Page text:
9. De-linkage and open source dividend: Separate R and D costs from final costs of medicines through prizes, patent pools and open medical research. Fund an open source dividend to incentivize sharing of scientific research. Promote socially responsible licensing when public money is involved.
10. If it is not good for the majority, it is not good. Marginal costs of producing medicines are very low, universal access is possible if there is political will to break monopolies. Access is the best policy: If it doesn´t work for the majority, it simply doesn´t work.
The problem of unaffordable medicines and the need for health-driven innovation are not on EU agenda
Due to the high cost of medicines, millions of citizens of EU member states cannot receive proper medical treatment for a number of very serious illnesses. Practically half of the EU population is excluded from the most effective treatments for cancer, Hepatitis C and other life-saving medicines simply because they (nor their public health systems) cannot pay for them. Despite this fact, there is no clear political reaction to this situation, not even an organized debate nor a coherent search for policy proposals, studies or pilot programmes. Surprisingly, this situation is rarely considered a political and moral scandal. Health inequality is not usually considered any less acceptable than general social inequality. Unfortunately, EU supported austerity measures that have forced health-care budget cuts have made this bad situation even worse.
After many meetings this week with the health attachés from a number of important EU member states that are members of the Council´s working groups on pharmaceuticals and public health, I have reached the depressing conclusion that to date initiatives on the price of medicines and new health-driven innovation models are practically non-existent in the institutional sphere. None of the major EU member states recall ever having discussed any innovation or pricing alternatives to the Pharma patent monopoly driven model. This is in a context in which a number of these same countries admit that their states either cannot afford to buy some of the best life-saving treatments or they are forced to ration them to a small percentage of the patients who need them.
It is surprising that while there are legal EU price caps on telephone roaming rates and data roaming, no one proposes controlling prices of life-saving medicine prices. And it is not just a question of competences but of political will to place health first ahead of the dominant “growth, jobs, innovation” rant.
While there have been some political and parliamentary rumblings that complain about the high price of some medicines, namely the Hepatitis C cure Sovaldi, there are no concrete, viable proposals on the official political table that could bring down the price of life-saving medicines and/or promote new biomedical innovation models driven by real health needs. On the contrary, there are a number of serious proposals on the EU short-term agenda (medicine price Directive, TTIP, greater IPR protection, “personalized, innovative medicines”..) that could even make it more difficult in the future to bring down the price of medicines or introduce health-driven innovation models.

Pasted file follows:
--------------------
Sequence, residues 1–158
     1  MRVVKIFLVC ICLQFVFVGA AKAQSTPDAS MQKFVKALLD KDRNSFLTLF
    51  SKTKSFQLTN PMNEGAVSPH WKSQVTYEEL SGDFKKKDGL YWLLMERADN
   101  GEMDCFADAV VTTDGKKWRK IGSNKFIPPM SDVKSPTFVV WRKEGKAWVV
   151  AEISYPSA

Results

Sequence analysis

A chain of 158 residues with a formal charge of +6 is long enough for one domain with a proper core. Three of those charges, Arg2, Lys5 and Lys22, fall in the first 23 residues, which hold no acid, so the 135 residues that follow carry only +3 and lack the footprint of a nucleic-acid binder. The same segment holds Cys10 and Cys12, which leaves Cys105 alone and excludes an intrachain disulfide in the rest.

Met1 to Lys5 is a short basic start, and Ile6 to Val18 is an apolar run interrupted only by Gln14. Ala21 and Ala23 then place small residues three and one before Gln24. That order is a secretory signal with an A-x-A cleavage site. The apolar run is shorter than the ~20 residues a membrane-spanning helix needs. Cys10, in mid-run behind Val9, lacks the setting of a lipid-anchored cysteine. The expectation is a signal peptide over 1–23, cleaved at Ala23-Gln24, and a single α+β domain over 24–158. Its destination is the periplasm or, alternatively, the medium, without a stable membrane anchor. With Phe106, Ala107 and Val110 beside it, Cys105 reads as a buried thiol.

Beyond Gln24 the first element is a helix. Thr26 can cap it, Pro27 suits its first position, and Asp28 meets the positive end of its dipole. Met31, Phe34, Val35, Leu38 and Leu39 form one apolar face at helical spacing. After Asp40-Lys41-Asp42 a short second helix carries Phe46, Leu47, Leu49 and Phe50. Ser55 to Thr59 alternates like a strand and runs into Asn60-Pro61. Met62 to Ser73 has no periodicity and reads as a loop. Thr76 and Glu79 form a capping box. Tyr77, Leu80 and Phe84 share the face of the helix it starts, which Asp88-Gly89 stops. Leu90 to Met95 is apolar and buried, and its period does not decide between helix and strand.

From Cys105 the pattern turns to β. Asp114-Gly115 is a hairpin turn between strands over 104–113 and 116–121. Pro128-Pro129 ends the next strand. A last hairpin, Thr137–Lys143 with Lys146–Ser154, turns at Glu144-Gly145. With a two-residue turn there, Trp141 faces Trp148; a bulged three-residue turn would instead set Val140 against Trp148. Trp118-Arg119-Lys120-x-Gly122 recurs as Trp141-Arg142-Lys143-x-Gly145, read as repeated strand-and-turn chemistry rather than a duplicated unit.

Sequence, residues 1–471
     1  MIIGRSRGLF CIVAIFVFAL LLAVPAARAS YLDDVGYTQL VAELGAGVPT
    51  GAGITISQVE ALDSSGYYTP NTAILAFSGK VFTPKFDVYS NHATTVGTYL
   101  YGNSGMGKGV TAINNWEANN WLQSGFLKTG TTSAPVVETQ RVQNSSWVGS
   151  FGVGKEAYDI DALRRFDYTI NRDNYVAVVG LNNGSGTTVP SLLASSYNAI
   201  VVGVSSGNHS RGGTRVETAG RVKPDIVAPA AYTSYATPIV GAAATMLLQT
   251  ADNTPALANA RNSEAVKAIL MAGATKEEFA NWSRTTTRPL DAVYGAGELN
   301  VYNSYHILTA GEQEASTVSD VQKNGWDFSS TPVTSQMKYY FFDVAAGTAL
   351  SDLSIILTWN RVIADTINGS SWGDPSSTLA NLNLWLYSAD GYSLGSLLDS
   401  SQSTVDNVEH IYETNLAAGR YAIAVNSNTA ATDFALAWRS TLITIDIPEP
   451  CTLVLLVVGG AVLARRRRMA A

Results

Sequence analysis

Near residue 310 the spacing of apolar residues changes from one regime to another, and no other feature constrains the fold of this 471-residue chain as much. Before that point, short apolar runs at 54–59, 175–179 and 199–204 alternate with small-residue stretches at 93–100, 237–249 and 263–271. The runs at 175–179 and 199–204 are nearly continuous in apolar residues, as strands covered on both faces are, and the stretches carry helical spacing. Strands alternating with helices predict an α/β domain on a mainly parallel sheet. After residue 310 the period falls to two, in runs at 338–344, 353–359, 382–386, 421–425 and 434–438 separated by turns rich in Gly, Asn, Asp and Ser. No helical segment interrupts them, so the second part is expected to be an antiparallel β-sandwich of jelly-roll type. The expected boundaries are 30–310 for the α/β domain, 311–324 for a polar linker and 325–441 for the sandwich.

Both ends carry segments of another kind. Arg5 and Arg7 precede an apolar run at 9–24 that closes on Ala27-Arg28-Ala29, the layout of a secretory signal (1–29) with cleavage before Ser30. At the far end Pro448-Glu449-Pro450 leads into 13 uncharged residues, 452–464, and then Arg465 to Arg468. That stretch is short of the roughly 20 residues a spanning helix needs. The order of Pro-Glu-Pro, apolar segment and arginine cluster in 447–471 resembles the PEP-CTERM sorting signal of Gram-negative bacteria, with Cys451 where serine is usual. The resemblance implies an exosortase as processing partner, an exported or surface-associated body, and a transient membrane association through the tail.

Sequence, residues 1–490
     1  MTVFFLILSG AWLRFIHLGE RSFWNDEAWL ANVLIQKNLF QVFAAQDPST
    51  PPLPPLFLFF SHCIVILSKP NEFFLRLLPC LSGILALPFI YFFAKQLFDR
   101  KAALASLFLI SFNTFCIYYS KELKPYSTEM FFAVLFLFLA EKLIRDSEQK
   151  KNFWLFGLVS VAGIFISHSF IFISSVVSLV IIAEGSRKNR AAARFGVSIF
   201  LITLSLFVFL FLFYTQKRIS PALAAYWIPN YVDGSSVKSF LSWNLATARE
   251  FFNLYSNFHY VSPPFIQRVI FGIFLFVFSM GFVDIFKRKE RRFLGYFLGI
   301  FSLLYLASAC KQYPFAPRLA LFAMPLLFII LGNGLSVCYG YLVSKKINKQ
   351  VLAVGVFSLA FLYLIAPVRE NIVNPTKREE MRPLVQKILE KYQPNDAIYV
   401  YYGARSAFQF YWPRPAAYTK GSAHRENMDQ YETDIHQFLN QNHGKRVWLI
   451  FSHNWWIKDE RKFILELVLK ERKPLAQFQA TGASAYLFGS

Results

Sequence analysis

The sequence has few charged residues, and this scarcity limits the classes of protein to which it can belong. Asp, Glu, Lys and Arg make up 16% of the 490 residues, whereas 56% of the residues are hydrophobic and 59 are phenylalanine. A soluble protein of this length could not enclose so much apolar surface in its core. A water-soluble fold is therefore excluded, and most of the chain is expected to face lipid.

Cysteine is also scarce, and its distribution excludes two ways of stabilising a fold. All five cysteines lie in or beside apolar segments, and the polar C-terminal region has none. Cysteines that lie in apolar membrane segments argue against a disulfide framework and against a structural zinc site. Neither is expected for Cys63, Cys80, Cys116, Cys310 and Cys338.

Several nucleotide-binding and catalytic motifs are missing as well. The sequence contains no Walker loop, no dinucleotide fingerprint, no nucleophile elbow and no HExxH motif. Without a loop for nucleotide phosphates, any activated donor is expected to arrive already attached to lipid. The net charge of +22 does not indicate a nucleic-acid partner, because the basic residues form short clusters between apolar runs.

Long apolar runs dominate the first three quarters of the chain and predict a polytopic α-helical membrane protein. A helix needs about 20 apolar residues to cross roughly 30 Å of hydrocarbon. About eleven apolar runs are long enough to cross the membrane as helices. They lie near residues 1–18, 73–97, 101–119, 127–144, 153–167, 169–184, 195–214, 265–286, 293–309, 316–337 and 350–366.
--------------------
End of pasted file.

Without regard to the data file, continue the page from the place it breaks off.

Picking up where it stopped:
“Access to medicines” is usually understood by the European Commission, EU member states and other policy makers as meaning making new products “available for patients”, getting them “on the market” or “over the regulatory hurdles”, never about being affordable. Aside from some occasional rhetorical, lip-service about patients needs, pharmaceuticals is seen primarily and secondarily as issue of “growth, jobs and industrial innovation” rather that a public good. No one at all contests the constant official EU equivalency of stronger, longer patent protection and data exclusivity with “innovative medicines” nor objects at all to the coupling of high medicine prices with the high research costs of a new generation of “personalized medicine”. There is no consideration of protecting the “public return” of massive public investments in biomedical R and D nor preventing the privatization of public health-related knowledge. The pharma mantra is so pervasive that often European Commission officials from DG Enterprise, DG Research and DG Sanco are “more catholic than the Pope” in defending industry orthodoxy on IPR, transparency and high prices. A rather minor example: the EU policy to promote “open data” research with EU finding has just excluded any research related to health because it would be “too controversial”. The ideological, regulatory and legislative capture by the pharmaceutical industry is almost complete in Brussels with very few exceptions such as the inconclusive, partial victories such as the Regulation on clinical trial transparency.
A few issues now on the table in the EU Council and in the European Commission:
Joint Procurement: France has proposed pooled procurement solely to purchase Hepatitis C treatment Sovaldi. It is not at all clear if this will ever materialize. A number of countries have shown an interest in this initiative but there is a reluctance to share information and many countries such as Spain or France itself have gone on to negotiate secret agreements with the company Giliad on their own. The success of this initiative is very doubtful because of the lack of openness.